The United Nations, Nato, European Union and US have all urged Russia to reverse its decision to pull out of a deal that allowed Ukrainian grain exports via the Black Sea, amid fears of a global food crisis.
Moscow announced it was suspending the UN-brokered arrangement in response to a dramatic attack in the early hours of Saturday by Ukrainian airborne and underwater drones on its naval base of Sevastopol in Crimea.
It had allowed Ukraine to transport more than 9m tonnes of grain and oilseed commodities, while Russia was allowed to export food and fertiliser, helping to bring down food prices by 15% from their March peak after the war made the route treacherous.
Wheat futures are now forecast to leap when markets open on Monday. “The start of the week is very likely to see prices climb, simply because less grain is going to come out of Ukraine,” Arthur Portier of consultancy Agritel said.
Kyiv’s infrastructure ministry said on Sunday that 218 vessels were now “effectively blocked” in its ports – 22 loaded and stuck at ports, 95 loaded and departed from ports, and 101 awaiting inspections.
Nato accused Vladimir Putin of “weaponising food” and urged him to do a U-turn. “We call on Russia to reconsider its decision and renew the deal urgently, enabling food to reach those who need it most,” spokesperson Oana Lungescu said.
The UN secretary general, António Guterres, said he was “deeply concerned” by Russia’s suspension of the deal for an “indefinite term” and had delayed his departure to attend the Arab League summit in Algiers for a day to try to revive it. Russia requested a meeting on Monday of the UN’s security council to discuss the issue.
The EU also urged Moscow to reverse course. Its foreign policy chief, Josep Borrell, tweeted that Russia’s decision “puts at risk the main export route of much needed grain and fertilisers to address the global food crisis caused by its war against Ukraine”.
Turkey said its minister of defence, Hulusi Akar, was in talks with Russian and Ukrainian counterparts to resolve the impasse and had asked parties to avoid any “provocation”.
On Saturday Joe Biden called the move “purely outrageous” saying it would increase starvation, while his secretary of state, Antony Blinken, said the suspension was regrettable and urged “all parties to keep this essential, life-saving initiative functioning”.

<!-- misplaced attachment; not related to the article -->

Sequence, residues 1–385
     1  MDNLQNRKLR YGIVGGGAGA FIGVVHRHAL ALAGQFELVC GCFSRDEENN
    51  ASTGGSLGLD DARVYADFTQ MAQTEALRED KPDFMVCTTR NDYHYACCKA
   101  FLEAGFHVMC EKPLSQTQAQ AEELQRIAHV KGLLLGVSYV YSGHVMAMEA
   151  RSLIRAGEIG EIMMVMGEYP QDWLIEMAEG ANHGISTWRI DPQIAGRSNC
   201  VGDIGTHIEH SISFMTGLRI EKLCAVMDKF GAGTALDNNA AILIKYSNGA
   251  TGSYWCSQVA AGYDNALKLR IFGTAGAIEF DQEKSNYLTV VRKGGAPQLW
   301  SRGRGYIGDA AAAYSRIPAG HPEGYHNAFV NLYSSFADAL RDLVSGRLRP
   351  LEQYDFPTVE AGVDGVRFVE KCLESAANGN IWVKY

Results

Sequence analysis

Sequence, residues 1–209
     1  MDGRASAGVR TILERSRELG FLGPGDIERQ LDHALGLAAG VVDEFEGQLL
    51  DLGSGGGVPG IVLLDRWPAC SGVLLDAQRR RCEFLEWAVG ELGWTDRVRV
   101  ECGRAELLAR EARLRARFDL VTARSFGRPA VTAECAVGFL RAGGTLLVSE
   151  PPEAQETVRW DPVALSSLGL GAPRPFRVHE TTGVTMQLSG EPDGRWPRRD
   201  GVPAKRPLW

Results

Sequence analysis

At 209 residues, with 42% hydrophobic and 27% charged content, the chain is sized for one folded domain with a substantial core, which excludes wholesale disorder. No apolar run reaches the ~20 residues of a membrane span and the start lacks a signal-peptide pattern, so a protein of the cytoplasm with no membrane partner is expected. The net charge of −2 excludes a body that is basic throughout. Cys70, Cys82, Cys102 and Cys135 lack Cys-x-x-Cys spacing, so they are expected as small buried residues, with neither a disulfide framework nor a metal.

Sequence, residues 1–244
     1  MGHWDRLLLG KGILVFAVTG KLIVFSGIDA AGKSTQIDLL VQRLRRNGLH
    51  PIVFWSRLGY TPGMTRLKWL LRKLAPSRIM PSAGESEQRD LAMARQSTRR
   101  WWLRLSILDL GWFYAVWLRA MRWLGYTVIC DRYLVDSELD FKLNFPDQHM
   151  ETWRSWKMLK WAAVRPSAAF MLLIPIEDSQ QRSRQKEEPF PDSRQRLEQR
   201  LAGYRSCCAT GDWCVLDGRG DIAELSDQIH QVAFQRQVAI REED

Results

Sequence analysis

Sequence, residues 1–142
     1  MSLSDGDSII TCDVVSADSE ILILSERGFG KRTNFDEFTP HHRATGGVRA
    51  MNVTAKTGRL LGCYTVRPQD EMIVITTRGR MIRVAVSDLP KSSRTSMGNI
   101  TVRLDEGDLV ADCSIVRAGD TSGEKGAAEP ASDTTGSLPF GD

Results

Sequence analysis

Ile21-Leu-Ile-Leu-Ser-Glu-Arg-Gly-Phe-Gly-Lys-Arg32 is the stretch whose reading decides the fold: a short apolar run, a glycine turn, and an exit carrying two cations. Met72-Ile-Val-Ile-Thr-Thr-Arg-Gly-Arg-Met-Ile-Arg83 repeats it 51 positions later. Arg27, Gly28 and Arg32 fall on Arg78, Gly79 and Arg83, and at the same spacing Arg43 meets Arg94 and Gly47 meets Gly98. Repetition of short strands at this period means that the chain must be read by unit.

Russia’s ambassador to Washington, hit back on Sunday saying the US response was itself “outrageous” and made false assertions about Moscow’s move.
Russia’s defence ministry said Ukraine attacked its fleet near Sevastopol with 16 drones early on Saturday, claiming British navy “specialists” had helped coordinate what it called a terrorist attack. The UK denied the accusation.
Russia’s Black Sea flagship vessel, the Admiral Makarov, was damaged and possibly disabled in the attack.
The Kremlin claimed the ships targeted were involved in policing the grain corridor, but Ukraine’s foreign minister, Dmytro Kuleba, said Moscow used the explosions 137 miles away from the corridor as a “false pretext” for a long-intended move.
“Russia took the decision to resume its hunger games long ago and now tries to justify it,” Kuleba tweeted.
Ukraine’s president, Volodymyr Zelenskiy, has called for a strong response from the UN and G20 group of leading economies. “This is a completely transparent attempt by Russia to return to the threat of large-scale famine for Africa, for Asia,” Zelenskiy said in a video address on Saturday, adding that Russia should be kicked out of the G20.
The grain deal had been due to expire on 19 November and Russia had already repeatedly said that there were serious problems with it. Ukraine had accused Moscow of blocking almost 200 ships from picking up grain cargoes.
When the agreement was signed ensuring safe passage out of three Ukrainian ports, the UN World Food Programme said about 47 million people were suffering “acute hunger” amid global food shortages and high prices caused in part by the war.
In the absence of the grain corridor, some traders and analysts said Russia does not have extra logistics capacity to fill the gap. This raises the risk of persistently high prices, which could be pushed up further if upcoming harvests in the southern hemisphere are poor after drought in Argentina and torrential rain in eastern Australia.